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The leader of the band

Ryan Miner wins top drum major award

Ryan Miner wins top drum major award

November 13, 2002|by PEPPER BALLARD

pepperb@herald-mail.com

WILLIAMSPORT - His arms move like a ballerina dances.

He raises the high notes from a scale marked by a fixed brow, while behind it the passion of a composer, conductor and professor matures in the rafters.

Ryan Miner, 16, is not an ordinary drum major - he's the best.

The Williamsport High School senior and drum major for the Williamsport High School Blue Band has received best-in-division drum major honors in the seven Tournament of Bands competitions that offered the honor this year.

At the Maryland State Band Championships Oct. 25, Miner was named top drum major in Division III, which consisted of bands with between 50 and 80 members. Nine bands competed in the division at the state competition.

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"It was a huge honor that all the hard work put into it really paid off," Miner said.

He is the only drum major for the band, which is uncommon, said Betty Sue Kitchen, the school's band director.

"He takes care of it all. He can't miss a rehearsal or a competition," Kitchen said. Miner was allowed to miss a parade to take the SATs.

In the past, co-majors have helped alleviate some of the pressures associated with taking charge of the band.

"He's worked very hard, not only to be director, but to get out of the band what needs to be done musically," Kitchen said.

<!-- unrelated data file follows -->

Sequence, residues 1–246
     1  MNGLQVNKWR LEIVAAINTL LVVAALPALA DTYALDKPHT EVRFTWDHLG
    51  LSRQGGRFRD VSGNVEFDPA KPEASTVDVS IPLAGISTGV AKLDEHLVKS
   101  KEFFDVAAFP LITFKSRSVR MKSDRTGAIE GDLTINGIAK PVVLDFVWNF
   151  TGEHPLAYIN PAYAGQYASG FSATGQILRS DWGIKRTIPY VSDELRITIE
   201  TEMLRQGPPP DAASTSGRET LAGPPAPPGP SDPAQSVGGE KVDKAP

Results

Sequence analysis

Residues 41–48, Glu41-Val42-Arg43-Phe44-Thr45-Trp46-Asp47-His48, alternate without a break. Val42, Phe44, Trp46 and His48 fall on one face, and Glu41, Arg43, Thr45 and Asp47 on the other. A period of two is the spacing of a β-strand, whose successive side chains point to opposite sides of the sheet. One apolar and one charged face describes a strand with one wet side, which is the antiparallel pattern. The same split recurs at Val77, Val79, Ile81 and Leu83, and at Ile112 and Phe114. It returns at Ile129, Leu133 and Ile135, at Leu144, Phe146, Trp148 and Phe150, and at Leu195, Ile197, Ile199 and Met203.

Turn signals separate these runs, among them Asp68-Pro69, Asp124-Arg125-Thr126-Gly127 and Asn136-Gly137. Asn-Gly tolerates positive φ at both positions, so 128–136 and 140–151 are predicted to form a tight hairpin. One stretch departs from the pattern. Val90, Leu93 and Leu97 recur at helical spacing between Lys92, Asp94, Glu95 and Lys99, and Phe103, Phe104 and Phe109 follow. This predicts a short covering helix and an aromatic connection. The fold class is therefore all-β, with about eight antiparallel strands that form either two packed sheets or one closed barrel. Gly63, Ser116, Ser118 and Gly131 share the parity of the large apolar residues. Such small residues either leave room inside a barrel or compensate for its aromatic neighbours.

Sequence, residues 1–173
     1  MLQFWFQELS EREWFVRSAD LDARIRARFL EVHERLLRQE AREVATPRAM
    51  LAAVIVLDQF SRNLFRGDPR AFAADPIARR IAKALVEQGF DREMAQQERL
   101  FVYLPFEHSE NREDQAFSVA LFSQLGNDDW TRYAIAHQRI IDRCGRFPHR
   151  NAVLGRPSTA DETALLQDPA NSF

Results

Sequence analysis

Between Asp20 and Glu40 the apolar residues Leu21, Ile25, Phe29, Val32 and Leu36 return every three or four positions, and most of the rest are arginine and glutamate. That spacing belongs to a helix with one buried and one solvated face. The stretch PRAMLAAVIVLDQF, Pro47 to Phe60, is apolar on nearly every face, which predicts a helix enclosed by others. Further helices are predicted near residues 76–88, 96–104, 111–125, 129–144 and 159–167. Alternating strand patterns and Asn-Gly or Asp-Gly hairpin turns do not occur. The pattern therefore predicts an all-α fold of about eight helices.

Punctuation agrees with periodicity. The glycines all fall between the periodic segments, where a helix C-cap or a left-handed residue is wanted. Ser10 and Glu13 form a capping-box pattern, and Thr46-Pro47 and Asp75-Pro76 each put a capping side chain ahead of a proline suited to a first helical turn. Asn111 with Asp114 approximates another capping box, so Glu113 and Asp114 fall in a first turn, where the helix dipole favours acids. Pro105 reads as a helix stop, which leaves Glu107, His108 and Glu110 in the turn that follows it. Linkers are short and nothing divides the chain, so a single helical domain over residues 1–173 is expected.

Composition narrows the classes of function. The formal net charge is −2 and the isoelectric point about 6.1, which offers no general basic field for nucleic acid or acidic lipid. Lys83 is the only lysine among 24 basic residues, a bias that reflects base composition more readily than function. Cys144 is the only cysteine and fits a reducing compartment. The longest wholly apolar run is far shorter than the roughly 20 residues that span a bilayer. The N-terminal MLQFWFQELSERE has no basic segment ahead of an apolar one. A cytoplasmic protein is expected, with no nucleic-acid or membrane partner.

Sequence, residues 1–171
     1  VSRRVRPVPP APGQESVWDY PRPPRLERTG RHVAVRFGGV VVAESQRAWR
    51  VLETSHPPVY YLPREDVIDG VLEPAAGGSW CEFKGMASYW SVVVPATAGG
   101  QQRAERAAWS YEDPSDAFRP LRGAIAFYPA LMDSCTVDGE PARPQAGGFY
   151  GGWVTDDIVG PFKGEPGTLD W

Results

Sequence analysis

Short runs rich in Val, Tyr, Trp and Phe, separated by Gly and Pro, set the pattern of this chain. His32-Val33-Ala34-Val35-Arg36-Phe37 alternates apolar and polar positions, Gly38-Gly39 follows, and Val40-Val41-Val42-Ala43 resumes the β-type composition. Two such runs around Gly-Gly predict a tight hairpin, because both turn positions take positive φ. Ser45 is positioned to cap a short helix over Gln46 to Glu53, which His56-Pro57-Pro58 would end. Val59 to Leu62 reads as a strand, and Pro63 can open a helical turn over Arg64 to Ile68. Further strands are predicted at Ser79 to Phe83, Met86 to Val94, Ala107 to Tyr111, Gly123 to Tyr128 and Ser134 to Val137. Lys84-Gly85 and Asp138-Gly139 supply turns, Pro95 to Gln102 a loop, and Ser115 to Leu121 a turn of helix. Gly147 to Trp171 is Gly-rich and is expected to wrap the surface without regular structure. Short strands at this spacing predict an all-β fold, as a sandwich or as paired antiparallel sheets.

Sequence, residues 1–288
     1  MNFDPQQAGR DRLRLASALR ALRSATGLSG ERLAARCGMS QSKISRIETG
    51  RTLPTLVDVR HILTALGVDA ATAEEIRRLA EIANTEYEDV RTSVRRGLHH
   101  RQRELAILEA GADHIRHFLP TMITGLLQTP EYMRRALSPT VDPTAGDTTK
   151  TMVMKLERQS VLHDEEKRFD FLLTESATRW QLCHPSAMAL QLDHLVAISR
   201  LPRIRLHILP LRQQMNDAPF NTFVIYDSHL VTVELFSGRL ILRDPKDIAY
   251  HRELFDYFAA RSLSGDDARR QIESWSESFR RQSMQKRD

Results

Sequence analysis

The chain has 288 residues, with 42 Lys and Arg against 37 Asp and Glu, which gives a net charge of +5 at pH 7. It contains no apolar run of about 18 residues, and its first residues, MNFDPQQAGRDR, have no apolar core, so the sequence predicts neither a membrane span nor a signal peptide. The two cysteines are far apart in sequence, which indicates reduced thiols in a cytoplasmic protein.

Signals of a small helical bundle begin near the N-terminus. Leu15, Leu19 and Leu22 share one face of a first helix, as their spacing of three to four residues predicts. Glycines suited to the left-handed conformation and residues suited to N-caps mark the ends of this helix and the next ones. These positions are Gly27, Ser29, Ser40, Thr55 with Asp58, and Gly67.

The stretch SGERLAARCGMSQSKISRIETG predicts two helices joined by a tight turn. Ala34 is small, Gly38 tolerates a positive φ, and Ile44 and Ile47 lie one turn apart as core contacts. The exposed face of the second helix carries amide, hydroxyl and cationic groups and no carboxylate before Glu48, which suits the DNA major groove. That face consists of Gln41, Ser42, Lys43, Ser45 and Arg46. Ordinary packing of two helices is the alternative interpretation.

Miner takes his position very seriously.

He said he enjoys being able to help fellow band members to better their talents by answering questions they ask of him.

Music is nothing new to Miner. He's been taking private lessons for the alto saxophone since fourth grade and now takes lessons from Scott Paddock, a professional jazz musician in Baltimore.

"I think I was given a gift through music and I can really express myself through that," he said.

Miner plans to pursue a career in music education and composition. Eventually, he wants to earn a doctoral degree in professional conducting, which he'll use to teach music at a major college or university.

He said he'd like to have a minor in criminology because he's always dreamed of being an FBI or CIA agent.

For now, he'll continue to try his best to get his and his band's performance up to its peak potential.

"It's one of the best feelings anyone can experience with leadership and the amount of time you put into it," he said.

He's improved his personal score by two points over a two-month period, and the band is keeping up with him, he said.

"The band has improved more than I have," he said.

The band is waiting to see if it will get an invitation to the Tournament of Bands Atlantic Coast Championships, which are scheduled for later this month in Scranton, Pa.

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